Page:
Next up on the blog:  September is forecast to be way too busy for me both in the garden and on the blog.   Next Monday will be Garden Lessons Learned especially in the veg garden.  On the 13th I will share a special GDDB as I celebrate my second blog anniversary, and I will have another wonderful garden book to share on the 17th.  Stay tuned for Seasonal Celebrations revealed on the 21st, and I end the month sharing another favorite native wildflower.

I will be linking in with Michelle@Rambling Woods for her Nature Notes meme.  It is a great way to see what is happening in nature around the world every Wednesday.

As always, I’ll be joining Tootsie Time’s Fertilizer Friday.

I hope you will join me for my posts once a month on the 3rd Tuesday, at Beautiful Wildlife Garden. The next one will be on the 18th.

Please remember, to comment click on the title of the post and the page will reload with the comments section.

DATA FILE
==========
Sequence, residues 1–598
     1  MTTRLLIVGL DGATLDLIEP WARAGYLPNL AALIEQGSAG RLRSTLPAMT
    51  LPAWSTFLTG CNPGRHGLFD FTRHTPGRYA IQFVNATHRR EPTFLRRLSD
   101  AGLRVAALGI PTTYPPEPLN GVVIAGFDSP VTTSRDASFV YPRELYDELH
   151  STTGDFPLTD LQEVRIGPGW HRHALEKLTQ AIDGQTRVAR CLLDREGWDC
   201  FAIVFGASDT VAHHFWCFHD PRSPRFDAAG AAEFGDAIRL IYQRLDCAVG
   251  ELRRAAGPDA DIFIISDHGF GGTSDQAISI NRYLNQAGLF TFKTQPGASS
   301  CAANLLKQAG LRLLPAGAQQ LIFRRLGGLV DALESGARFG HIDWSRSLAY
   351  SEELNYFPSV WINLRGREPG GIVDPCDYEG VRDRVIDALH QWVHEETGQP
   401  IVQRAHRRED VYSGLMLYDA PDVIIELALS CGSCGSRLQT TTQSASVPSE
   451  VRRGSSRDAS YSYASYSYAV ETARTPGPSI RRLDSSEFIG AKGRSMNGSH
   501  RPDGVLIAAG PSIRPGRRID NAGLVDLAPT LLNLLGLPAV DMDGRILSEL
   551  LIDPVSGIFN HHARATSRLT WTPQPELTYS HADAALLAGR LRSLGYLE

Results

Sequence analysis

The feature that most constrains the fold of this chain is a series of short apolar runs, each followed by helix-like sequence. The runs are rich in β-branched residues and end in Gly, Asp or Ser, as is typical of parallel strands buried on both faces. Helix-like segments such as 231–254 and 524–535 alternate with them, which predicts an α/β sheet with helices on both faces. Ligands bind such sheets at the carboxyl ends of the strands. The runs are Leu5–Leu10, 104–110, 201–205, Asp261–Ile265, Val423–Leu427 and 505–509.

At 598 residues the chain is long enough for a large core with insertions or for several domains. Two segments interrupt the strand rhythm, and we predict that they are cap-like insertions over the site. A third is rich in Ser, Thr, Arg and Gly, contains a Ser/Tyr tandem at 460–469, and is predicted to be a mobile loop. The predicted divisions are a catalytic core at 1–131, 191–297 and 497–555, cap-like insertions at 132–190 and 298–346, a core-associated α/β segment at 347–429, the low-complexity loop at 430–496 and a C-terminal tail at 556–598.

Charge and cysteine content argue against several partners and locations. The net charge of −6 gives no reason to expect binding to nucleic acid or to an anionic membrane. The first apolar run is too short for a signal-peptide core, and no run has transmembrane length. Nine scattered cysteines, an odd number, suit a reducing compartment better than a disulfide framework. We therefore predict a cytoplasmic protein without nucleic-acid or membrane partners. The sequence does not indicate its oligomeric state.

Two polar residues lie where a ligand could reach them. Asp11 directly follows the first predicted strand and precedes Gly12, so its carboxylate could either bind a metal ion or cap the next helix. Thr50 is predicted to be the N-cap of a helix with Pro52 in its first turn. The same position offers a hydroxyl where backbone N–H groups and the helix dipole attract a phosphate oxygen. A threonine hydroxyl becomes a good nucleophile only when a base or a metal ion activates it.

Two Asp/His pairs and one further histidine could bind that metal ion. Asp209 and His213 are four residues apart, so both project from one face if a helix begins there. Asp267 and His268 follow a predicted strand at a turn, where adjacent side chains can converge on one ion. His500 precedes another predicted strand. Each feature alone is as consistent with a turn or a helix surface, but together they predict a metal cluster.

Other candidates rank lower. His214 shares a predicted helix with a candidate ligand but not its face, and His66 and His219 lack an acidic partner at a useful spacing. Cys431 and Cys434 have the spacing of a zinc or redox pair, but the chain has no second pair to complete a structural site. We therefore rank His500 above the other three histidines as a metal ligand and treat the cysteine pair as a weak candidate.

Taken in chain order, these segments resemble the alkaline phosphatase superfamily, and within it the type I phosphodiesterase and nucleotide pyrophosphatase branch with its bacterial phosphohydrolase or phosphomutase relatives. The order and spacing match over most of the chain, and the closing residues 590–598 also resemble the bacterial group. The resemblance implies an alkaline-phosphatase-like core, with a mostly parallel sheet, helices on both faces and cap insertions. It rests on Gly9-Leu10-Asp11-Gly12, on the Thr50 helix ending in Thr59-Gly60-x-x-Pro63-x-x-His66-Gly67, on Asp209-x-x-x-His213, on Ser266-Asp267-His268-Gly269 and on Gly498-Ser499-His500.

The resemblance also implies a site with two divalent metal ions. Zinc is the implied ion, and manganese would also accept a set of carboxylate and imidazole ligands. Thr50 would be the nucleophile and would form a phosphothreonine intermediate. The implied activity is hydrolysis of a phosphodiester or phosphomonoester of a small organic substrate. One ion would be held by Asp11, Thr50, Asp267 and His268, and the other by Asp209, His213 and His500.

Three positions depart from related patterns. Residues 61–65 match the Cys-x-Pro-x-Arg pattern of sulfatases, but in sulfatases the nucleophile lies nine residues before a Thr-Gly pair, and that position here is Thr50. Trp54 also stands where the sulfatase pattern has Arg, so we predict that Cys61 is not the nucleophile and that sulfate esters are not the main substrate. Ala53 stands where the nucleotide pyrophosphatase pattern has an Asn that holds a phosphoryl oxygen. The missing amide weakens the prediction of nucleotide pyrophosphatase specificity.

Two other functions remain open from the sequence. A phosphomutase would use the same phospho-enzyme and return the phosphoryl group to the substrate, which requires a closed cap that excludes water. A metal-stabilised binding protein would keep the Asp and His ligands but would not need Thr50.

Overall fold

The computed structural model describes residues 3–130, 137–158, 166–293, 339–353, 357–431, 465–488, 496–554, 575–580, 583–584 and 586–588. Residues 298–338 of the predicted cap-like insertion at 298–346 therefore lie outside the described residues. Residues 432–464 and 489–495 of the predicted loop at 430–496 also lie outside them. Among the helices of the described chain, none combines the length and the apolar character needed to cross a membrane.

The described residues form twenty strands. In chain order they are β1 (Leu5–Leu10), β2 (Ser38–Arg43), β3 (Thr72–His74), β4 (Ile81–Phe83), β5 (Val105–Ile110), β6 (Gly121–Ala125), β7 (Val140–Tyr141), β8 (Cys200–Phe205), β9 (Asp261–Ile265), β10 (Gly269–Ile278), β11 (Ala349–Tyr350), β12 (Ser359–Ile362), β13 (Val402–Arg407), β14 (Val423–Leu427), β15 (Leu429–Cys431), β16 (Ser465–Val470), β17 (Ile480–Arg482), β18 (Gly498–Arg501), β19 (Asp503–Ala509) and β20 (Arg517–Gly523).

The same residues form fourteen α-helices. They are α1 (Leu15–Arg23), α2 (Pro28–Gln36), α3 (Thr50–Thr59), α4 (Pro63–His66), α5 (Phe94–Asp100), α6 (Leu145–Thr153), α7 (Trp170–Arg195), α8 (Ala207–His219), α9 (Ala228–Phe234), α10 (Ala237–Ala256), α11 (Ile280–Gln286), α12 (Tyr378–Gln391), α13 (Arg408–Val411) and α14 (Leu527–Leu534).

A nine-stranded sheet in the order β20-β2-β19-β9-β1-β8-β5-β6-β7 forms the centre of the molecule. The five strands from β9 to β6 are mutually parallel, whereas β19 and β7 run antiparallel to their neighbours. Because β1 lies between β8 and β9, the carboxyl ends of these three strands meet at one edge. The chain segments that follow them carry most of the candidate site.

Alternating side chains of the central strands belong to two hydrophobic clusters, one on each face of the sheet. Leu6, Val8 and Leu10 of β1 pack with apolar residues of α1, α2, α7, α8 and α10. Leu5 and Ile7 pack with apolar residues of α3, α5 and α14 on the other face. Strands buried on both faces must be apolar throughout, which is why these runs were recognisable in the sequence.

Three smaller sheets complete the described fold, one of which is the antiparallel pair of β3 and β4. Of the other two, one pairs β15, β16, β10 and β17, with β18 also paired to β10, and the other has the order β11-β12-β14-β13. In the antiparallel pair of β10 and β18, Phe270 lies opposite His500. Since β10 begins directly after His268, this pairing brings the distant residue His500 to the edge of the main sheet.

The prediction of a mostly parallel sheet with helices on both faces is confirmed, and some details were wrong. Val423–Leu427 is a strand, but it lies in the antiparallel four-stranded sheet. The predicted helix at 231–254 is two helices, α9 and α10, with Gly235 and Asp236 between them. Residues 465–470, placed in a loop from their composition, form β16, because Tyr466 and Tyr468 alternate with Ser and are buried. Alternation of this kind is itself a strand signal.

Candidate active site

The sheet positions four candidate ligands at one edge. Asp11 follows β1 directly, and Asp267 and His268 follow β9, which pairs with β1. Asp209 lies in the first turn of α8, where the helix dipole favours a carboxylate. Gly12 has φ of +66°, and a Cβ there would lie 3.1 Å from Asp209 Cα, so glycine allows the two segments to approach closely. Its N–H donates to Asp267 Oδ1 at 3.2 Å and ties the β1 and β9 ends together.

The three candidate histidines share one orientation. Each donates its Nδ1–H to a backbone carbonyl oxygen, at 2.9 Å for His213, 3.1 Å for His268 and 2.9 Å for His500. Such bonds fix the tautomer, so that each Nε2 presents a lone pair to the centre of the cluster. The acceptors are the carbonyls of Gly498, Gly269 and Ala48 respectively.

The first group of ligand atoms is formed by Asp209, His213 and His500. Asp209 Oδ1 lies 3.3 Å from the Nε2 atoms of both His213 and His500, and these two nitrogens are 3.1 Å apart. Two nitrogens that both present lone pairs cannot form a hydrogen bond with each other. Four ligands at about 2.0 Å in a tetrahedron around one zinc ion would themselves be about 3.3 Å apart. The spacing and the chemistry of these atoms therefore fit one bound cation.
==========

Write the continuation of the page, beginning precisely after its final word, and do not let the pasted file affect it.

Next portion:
All original content is copyrighted and the sole property of Donna Donabella @ Gardens Eye View, 2010-2012.  Any reprints or use of content or photos is by permission only.





    • Donna says:

      Thanks Christina. The beginning of the month does seem to get a bit long winded for me as I am assessing the whole place with all the gardens. I appreciate your stopping by!

  1. Jen says:

    Hi Donna, lovely post so full of information, and ideas, thoughts and observations….

    I am still having such trouble with the comment form, lol, I keep forgetting where to click to leave a comment, and rush all around the blog post clicking and trying to remember what it was last time, and then just as I am about to give up, lol, I find it again.

    Silly me….

    We have not had rain here since June, if you except the one moment it rained for a few hours, but the roads didn’t even get wet. It’s normal for up here, I guess…we have to live with it either way.

    It certainly has been a challenging year, for so many people. Glad to hear that you hung in there and didn’t give up.

    Jen @ Muddy Boot Dreams

    • Donna says:

      Sorry about the difficulty with commenting..this is an old template and sometime I will be updating the template…that is why at the end of the post I try to make sure I put in a reminder about how to comment.